Musa Sadau Anor. Yaro V The State (1968)
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Musa Sadau and Audu Yaro were tried by Wheeler, J. in the High Court, Kaduna, and convicted on various counts of the several charges laid against four persons who were originally charged and tried together. The case for the prosecution is that the accused persons were involved in a racket by which vehicle licences and similar forms were printed at the Government Press without authority and illegally sold for money by and on behalf of the members of the gang. Musa Sadau was the first accused at the trial and Audu Yaro was the third accused. The second accused, one Sho-Silva, and the fourth accused, one Alhaji Ishiaku, were acquitted and discharged on the charges against them.
The first accused was convicted on the first, third and sixth counts of the charge against him and the third accused convicted on the only count of the charge against him.
The third accused did not file any appeal papers; he however filed a motion before us asking for leave to appeal out of time and to do so in forma pauperis. We have considered his applications and as we can find nothing on the record of appeal which can be usefully urged by him or on his behalf, we conclude that no useful purpose would be served by acceding to his request. We therefore refuse him leave to appeal out of time.
The counts in respect of which the first accused (hereinafter referred 1o: as the appellant) was convicted are as follows:-
“1. That you Musa Sadau on or about the 21st day of April, 1964 at Zaria were found in possession of forged documents to wit, 17 driving licence books, 5 driving licence covers, 22 vehicle licences, 2 books of certificate of road worthiness, 9 forged certificates of road worthiness, 1 booklet professional driving licence, 2 sheets of Professional Driving Licence and 13 dealers’ licence: knowing same to be forged and intending the same shall dishonestly be used as genuine and you thereby committed an offence punishable under section 368 of the Penal Code.
2. That you Musa Sadau on or about the 6th day of April, 1964 at Zaria dishonestly used as genuine forged vehicle licence No. 934057 and forged stage carriage licence No. 071233 by selling the same to one Muhammadu Wawadu, knowing them to be forged and you thereby committed an offence punishable under section 366 of the Penal Code.
3. That you Musa Sadau on or about the 3rd day of April, 1964 at Zaria dishonestly used as genuine forged vehicle licence No. 735400 and stage carriage licence No. 23367 by selling the same to one Alhaji Umaru Tulu knowing them to be forged and you thereby committed an offence punishable under section 366 of the Penal Code.”
The case against him was that he had procured the second accused to print for him a quantity of vehicle licensing forms and that from time to time he sold these forged licences for money. He was known as a licence agent and was in the habit of collecting money from vehicle owners and issuing them with the forged ones which had been printed for him. It was also part of the case for the prosecution that his house was searched in the early hours of the 21st April, 1964 (according to the endorsement on the search warrant, exhibit 31) and a large quantity of vehicle licences and licensing forms, driving licence booklets, a number of stamps and ink pads resembling those of the Government licensing authorities, were recovered.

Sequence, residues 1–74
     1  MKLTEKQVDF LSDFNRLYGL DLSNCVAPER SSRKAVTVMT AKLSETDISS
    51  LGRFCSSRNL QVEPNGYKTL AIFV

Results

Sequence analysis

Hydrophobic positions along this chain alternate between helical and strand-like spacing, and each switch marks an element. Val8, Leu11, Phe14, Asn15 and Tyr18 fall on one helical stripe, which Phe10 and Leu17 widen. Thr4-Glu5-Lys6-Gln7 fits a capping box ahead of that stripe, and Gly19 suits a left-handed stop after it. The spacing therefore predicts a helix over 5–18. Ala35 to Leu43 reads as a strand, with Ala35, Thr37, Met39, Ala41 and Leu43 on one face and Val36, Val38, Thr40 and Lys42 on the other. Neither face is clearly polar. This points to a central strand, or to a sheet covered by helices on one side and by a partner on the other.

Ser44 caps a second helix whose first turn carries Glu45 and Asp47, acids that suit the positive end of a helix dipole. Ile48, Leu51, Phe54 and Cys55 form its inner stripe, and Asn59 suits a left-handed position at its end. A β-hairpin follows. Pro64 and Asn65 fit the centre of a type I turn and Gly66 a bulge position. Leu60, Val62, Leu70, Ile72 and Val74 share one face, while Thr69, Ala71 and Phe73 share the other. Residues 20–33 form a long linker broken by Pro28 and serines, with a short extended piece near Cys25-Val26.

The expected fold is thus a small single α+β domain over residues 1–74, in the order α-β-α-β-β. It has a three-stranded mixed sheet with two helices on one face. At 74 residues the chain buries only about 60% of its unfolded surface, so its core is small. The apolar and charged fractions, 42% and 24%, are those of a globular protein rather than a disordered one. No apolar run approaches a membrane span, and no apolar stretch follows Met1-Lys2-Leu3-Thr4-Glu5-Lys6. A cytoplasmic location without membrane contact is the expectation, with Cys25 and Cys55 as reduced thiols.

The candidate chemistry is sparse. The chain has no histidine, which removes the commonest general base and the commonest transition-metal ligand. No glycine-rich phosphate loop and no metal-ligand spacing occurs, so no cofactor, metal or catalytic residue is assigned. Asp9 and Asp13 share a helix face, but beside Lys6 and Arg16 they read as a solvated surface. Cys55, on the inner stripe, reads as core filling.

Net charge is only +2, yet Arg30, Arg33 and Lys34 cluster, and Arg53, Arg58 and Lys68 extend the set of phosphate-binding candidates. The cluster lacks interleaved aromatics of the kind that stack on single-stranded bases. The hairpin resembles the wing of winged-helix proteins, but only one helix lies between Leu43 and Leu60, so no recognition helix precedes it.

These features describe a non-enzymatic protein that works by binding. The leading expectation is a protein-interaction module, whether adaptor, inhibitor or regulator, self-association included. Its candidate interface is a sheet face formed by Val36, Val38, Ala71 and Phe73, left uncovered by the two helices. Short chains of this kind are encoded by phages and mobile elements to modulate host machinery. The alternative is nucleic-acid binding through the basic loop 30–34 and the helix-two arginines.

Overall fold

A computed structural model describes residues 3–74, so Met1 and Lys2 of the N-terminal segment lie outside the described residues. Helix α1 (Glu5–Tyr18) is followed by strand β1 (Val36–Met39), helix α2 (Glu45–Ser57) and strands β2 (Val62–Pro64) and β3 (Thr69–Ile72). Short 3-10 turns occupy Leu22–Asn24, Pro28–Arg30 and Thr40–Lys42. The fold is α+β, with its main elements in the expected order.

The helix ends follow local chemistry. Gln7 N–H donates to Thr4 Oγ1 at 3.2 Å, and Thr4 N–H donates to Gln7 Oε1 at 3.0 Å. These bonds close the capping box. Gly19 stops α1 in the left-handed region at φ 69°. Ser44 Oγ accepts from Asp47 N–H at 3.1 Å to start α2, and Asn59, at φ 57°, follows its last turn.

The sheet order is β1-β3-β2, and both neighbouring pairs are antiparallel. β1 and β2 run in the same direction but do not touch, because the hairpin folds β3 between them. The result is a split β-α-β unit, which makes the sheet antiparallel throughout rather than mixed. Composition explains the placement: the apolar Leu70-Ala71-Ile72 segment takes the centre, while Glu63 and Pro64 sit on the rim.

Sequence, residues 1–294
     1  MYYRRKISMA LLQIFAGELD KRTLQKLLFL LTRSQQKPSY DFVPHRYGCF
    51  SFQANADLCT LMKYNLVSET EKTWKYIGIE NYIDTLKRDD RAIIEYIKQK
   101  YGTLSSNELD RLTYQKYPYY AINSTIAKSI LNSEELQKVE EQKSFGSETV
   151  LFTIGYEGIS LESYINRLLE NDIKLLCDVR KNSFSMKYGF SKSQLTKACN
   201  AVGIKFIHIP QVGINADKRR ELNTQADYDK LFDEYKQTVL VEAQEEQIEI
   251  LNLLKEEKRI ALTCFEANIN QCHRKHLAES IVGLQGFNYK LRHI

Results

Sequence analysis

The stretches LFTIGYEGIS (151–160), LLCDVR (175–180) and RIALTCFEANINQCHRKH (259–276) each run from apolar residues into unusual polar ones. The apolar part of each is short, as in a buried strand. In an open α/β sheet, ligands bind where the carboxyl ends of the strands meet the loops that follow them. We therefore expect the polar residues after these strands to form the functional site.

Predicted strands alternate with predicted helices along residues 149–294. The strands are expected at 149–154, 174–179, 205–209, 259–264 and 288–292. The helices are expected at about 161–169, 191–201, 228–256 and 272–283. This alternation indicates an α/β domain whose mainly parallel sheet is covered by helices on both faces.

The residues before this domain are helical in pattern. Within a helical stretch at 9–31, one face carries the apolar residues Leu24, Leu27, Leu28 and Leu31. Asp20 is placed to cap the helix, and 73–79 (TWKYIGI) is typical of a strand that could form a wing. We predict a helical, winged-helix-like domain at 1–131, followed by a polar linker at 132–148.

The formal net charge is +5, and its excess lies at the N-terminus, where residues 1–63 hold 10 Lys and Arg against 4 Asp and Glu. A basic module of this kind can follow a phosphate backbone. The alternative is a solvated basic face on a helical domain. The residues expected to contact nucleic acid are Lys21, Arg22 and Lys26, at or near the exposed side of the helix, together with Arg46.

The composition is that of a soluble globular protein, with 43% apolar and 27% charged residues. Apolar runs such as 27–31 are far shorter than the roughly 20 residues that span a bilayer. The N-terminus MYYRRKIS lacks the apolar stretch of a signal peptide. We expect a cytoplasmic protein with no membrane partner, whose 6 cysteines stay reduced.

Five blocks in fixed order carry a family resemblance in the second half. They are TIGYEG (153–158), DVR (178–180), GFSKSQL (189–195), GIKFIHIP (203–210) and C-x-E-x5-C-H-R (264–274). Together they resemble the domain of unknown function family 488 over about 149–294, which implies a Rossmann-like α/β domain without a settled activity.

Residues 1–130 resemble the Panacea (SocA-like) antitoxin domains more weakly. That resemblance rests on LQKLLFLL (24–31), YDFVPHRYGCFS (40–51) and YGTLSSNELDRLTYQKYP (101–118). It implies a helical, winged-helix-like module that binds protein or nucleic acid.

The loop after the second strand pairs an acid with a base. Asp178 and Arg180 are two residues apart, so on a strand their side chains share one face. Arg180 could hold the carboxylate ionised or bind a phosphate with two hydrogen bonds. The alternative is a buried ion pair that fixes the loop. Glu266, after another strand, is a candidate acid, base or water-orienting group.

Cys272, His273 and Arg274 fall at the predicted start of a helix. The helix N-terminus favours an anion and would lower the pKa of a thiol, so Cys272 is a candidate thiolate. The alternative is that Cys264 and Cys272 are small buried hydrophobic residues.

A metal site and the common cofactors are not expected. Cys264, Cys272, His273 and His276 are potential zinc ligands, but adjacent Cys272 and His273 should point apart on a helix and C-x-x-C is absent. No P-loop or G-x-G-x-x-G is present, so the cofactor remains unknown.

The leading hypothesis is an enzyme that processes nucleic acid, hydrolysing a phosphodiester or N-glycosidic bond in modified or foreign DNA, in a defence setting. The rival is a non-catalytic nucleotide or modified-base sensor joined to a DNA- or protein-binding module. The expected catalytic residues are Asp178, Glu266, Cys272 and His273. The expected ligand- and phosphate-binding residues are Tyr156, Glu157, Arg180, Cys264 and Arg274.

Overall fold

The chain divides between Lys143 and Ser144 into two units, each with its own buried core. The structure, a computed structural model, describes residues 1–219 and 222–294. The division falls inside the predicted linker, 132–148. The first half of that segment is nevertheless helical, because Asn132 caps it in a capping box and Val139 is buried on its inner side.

His statements to the Police were ruled inadmissible at the trial and in his evidence before the court he denied having in his possession any vehicle licences or other forms and also selling such licences to anyone. He also stated that his only occupation was that of a bicycle repairer. He denied that the vehicle licences and other licensing forms produced by the Police and described as having been found in his house as a result of the search were found with him and stated that they were all contained in a bag carried into the house by the Police Officer who searched his house and planted them there. In a reserved judgment, the teamed trial judge disbelieved his story, concluded that the forms produced by the Police were found in his house and in his possession and that they were some of the fortes which he had been selling to some of the prosecution witnesses who testified against him at his trial to that effect. He was accordingly convicted on the three counts set out above but discharged on the other counts of the charge against him.
Hence this appeal. Three grounds of appeal were filed and argued as follows:-
“(1) That the decision is unreasonable and cannot be supported having regard to the evidence.
(2) That the learned trial judge was wrong in holding that non-compliance with section 78 (1) of the Criminal Procedure Code on the part of the prosecution was not fatal to prosecutions’ case re the first charge against the appellant
(3) That the sentence is excessive.”
With respect to the fast and third grounds of appeal, leave was obtained by the appellant from the High Court Before us no serious attempt was made to disparage the findings of fact and it seems clear to us that the judge was entitled on the evidence before him to come to the conclusions to which he arrived on the proven facts of the case. The appeal against sentence was abandoned. The offences of which the appellant was convicted were serious, striking as they did at the economy of the State. If we were to express an opinion we should have thought that he got off lightly having regard to the nature of the offences and the circumstances of their commission. The first and the third grounds of appeal therefore fail.